Sacco A, Kawano Y, Moschetta M, Zavidij O, Huynh D, Reagan MR, Mishima Y, Manier S, Park J, Morgan E, Takagi S, Wong KK, Carrasco R, Ghobrial IM, Roccaro AM. A novel in vivo model for studying conditional dual loss of BLIMP-1 and p53 in B-cells, leading to tumor transformation.  American journal of hematology. 2017; PMID: 28474779.

McDonald MM, Fairfield H, Falank C, Reagan MR. Adipose, Bone, and Myeloma: Contributions from the Microenvironment. Calcified tissue international. 2017; 100(5):433-448. NIHMSID: NIHMS858417. PMID: 27343063. PMCID: PMC5396178.

Fairfield H, Falank C, Harris E, Demambro V, McDonald M, Pettitt JA, Mohanty ST, Croucher P, Kramer I, Kneissel M, Rosen CJ, Reagan MR. The skeletal cell-derived molecule sclerostin drives bone marrow adipogenesis. Journal of cellular physiology. 2017; PMID:  28460416

Glavey SV, Naba A, Manier S, Clauser K, Tahri S, Park J, Reagan MR, Moschetta M, Mishima Y, Gambella M, Rocci A, Sacco A, O’Dwyer ME, Asara JM, Palumbo A, Roccaro AM, Hynes RO, Ghobrial IM. Proteomic characterization of human multiple myeloma bone marrow extracellular matrix. Leukemia. 2017;  PMID: 28344315

Goldstein RH*, Reagan MR*, Anderson K, Kaplan DL, and Rosenblatt M. Human bone marrow-derived MSCs can home to orthotopic breast cancer tumors and can promote bone metastasis. *Co-first authorship. Cancer Res. 2010; 70(24):10044-50. PMCID: PMC3017423.

Reagan MR, Kaplan DL. Concise review: Mesenchymal stem cell tumor-homing: detection methods in disease model systems. Stem Cells. 2011; 29(6):920-7. PMID: 21557390.

Reagan MR, Seib P, Sage E, McMillin D, Janes S, Mitsiades C, Kaplan DL. Cell-Based Anti-Cancer Implant Systems: TRAIL-Mesenchymal Stem Cells and Silk Scaffolds. J Breast Cancer. 2012;15(3):273-82. PMCID: PMC3468780.

Reagan, MR and Ghobrial IM. Multiple Myeloma-Mesenchymal Stem Cells: Characterization, Origin, and Tumor-Promoting Effects. Clin Cancer Res. 2012; 18(2):342-9. PMCID: PMC3261316.

Roccaro A, Sacco A, Maiso P, Azab A, Tai Y, Reagan MR, Azab F, Flores L, Campigotto F, Weller E, Anderson KC, Scadden D, Ghobrial I. Bone marrow mesenchymal stromal cell-derived exosomes support multiple myeloma pathogenesis. J Clin Invest. 2013;123(4):1542-55. PMCID: PMC3613927.

Glavey SV, Manier S, Natoni A, Sacco A, Moschetta M, Reagan MR, Murillo LS, Sahin I, Wu P, Mishima Y, Zhang Y, Zhang W, Zhang Y, Morgan G, Joshi L, Roccaro AM, Ghobrial IM, O’Dwyer ME.. The Sialyltransferase ST3GAL6 Influences Homing and Survival in Multiple Myeloma. Blood. 2014; Epub Ahead of print. PMID: 25061176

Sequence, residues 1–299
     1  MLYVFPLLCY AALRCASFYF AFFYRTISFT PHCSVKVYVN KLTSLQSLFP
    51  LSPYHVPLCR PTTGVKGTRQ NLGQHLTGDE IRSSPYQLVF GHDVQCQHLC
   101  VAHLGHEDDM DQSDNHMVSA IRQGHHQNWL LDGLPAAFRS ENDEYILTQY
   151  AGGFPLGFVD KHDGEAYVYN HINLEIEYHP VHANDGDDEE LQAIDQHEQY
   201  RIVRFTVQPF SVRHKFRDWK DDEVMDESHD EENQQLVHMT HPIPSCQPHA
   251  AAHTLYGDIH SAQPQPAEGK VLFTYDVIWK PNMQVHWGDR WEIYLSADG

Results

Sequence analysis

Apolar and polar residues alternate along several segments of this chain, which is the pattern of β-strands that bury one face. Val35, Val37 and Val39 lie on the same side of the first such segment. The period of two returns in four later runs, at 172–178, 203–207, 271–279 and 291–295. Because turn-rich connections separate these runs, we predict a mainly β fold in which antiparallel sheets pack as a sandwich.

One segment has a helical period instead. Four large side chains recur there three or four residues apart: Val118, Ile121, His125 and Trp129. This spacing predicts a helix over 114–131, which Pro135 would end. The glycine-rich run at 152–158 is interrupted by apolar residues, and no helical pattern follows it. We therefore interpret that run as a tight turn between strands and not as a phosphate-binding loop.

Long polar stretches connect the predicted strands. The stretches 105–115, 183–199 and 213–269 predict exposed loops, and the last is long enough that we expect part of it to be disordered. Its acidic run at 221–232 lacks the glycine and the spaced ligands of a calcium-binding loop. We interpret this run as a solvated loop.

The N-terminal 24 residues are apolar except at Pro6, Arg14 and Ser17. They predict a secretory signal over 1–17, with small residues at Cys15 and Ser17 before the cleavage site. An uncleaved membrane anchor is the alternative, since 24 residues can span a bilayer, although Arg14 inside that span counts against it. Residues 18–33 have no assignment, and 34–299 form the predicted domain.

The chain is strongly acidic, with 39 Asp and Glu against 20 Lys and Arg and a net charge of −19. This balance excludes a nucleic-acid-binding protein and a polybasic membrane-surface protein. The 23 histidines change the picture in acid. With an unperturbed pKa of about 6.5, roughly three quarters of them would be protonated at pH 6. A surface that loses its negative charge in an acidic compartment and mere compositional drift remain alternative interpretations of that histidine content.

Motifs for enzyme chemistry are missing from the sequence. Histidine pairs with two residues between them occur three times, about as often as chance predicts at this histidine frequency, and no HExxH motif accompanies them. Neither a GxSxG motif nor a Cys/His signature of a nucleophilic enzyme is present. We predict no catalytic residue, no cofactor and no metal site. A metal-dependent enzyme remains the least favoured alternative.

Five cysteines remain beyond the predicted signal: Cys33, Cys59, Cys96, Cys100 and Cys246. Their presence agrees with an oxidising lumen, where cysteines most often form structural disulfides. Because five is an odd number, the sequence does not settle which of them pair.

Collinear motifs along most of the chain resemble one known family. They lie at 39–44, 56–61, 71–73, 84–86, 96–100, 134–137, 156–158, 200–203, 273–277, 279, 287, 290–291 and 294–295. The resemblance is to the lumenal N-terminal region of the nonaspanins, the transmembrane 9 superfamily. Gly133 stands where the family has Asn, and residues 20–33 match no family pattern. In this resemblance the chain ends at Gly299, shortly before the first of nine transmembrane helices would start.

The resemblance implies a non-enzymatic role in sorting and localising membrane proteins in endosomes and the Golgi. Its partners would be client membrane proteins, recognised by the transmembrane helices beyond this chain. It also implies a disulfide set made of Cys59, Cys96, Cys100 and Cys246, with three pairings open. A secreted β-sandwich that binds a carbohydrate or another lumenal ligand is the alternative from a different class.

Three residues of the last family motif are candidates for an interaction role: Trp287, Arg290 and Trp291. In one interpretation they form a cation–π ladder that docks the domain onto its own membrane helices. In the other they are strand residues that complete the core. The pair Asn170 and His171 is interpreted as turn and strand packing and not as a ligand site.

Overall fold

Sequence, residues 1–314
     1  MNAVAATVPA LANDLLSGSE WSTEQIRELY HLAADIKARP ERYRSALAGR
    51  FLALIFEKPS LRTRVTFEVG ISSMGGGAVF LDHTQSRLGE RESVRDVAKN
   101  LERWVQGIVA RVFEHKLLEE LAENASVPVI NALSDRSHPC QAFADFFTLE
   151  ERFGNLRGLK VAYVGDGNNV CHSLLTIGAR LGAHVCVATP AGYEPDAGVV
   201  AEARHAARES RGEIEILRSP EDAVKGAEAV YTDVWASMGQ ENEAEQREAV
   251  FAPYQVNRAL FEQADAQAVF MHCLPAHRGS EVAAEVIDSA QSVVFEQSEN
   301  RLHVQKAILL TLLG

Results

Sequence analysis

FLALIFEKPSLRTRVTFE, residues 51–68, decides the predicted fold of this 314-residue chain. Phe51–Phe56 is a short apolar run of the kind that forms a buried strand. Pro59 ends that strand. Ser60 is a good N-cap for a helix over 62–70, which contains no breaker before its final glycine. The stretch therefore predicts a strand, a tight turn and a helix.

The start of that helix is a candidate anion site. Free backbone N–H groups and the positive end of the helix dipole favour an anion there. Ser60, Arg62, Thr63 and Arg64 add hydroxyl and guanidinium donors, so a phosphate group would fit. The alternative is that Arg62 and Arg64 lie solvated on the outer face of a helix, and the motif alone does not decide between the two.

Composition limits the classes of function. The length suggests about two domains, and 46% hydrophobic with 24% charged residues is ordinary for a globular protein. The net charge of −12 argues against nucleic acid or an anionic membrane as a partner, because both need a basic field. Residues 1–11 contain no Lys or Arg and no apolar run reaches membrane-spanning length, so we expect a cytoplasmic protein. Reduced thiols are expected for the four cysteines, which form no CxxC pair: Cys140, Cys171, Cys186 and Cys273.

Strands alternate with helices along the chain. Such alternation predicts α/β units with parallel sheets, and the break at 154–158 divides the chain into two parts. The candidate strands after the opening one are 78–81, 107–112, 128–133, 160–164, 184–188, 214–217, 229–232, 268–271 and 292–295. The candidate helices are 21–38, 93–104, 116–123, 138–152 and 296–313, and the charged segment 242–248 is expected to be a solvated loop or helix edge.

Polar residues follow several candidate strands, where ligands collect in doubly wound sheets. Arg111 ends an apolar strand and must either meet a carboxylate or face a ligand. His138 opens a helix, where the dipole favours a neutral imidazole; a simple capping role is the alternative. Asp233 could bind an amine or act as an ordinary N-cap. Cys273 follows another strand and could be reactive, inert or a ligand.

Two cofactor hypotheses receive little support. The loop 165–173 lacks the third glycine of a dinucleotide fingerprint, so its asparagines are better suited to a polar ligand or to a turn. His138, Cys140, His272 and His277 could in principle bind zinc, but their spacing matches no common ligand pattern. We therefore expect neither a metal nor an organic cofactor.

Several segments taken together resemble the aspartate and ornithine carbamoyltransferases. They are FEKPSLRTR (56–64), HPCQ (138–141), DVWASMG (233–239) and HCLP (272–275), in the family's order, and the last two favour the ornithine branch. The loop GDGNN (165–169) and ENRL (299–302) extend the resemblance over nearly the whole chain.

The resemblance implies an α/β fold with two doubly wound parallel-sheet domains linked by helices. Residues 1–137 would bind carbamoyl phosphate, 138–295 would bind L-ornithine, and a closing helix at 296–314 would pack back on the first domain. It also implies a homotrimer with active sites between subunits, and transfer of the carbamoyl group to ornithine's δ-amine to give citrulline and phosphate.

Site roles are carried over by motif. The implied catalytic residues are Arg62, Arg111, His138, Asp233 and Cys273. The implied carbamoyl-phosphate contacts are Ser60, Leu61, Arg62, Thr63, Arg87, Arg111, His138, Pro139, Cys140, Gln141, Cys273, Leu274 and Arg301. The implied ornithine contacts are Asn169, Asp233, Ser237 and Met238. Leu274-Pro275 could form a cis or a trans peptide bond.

Swami A* & Reagan MR*, Basto P, Mishima Y, Kamaly N, Glavey S, Zhang S, Moschetta M, Seevaratnam D; Zhang Y, Liu J, Memarzadeh T, Wu J, Manier S, Shi J, Bertrand N, Lu ZN, Nagano K, Baron R, Sacco A, Roccaro AM, Farokhzad OC, Ghobrial IM. Engineered Nanomedicine for Myeloma and Bone Microenvironment Targeting. PNAS. 2014;111(28):10287-92. *Co-first authorship. PMCID: PMC4104924.

Reagan MR, Mishima Y, Glavey S, Zhang Y, Manier S, Lu ZN, Memarzadeh M, Zhang Y, Sacco A, Aljawai Y, Tai Y-T, Ready JE, Shi J, Kaplan DL, Roccaro AM, Ghobrial IM. Investigating osteogenic differentiation in Multiple Myeloma using a novel 3D bone marrow niche model. Blood. 2014; 124(22):3250-9. PMCID: PMC4239334.

Roccaro AM, Sacco A, Purschke WG, Moschetta M, Buchner K, Maasch C, Zboralski D, Zöllner S, Vonhoff S, Mishima Y, Maiso P, Reagan MR, Lonardi S, Ungari M, Facchetti F, Eulberg D, Kruschinski A, Vater A, Rossi G, Klussmann S, Ghobrial IM. SDF-1 inhibition targets the bone marrow niche for cancer therapy. Cell Reports. 2014; 9(1):118-28. PMCID: PMC4194173

Reagan MR, Liaw L, Rosen CJ & Ghobrial IM. Dynamic Interplay between Bone and Multiple Myeloma: Emerging Roles of the Osteoblast. Bone. 2015;75:161-169. PMID: 25725265


ASBMR John Haddad Award 2016

Massachusetts General Hospital Center for Skeletal Research Symposium Poster Session 2015

ASBMR Harold M. Frost Young Investigator Award 2015

The Alice L. Lee, Sun Valley Young Investigator Award 2013

Academic Appointments

  • Graduate Faculty Member, University of Maine, Orono, ME
  • Assistant Professor, Tufts University School of Medicine. Boston MA
  • Presidential Scholar, Dana Farber Cancer Institute, Boston MA

Editorial Board Activities

  • Invited journal and grant reviewer: Nanomedicine, Stem Cells, Blood, Tissue Engineering, British Journal of Haematology, Annals of Hematology, Haematologica, Prostate Cancer UK, Cancer Cell International, Cell Metabolism, PLoSOne, Bone, Marrow, BoneKEy, New England Journal of Medicine, Oncotarget.
  • Special Issue Lead Guest Editor for Stem Cells International issue on: Cancer Stem Cells and Cancer-Associated Stem Cells.
  • Section Editor for the Bone and Cancer Section of Elsevier’s Encyclopedia on Bone Biology  (2020 Expected Publication Date)

Professional Activities

  • CURE (Continuing Umbrella of Research Experiences) Mentor, Dana-Farber Cancer Institute
  • Co-Chair, IBMS Young Investigator Committee
  • Member, AACR Tumor Microenvironment Working Group & AACR Women in Cancer Research
  • Scientific Program Committee Member, Herbert Fleisch Meeting Brugge, Belgium
  • AACR Committee Member, Associate Member Council (AMC)-led Fundraising Committee
  • Member, International Bone and Mineral Society
  • Member, American Society of Hematology
  • Member, American Society of Bone and Mineral Research (ASBMR)
  • Chairperson of ASBMR’s Women in Bone and Mineral Research Committee (Read more)
  • Member, American Society of Clinical Oncology (ASCO)
  • Member, American Association of Cancer Research (AACR)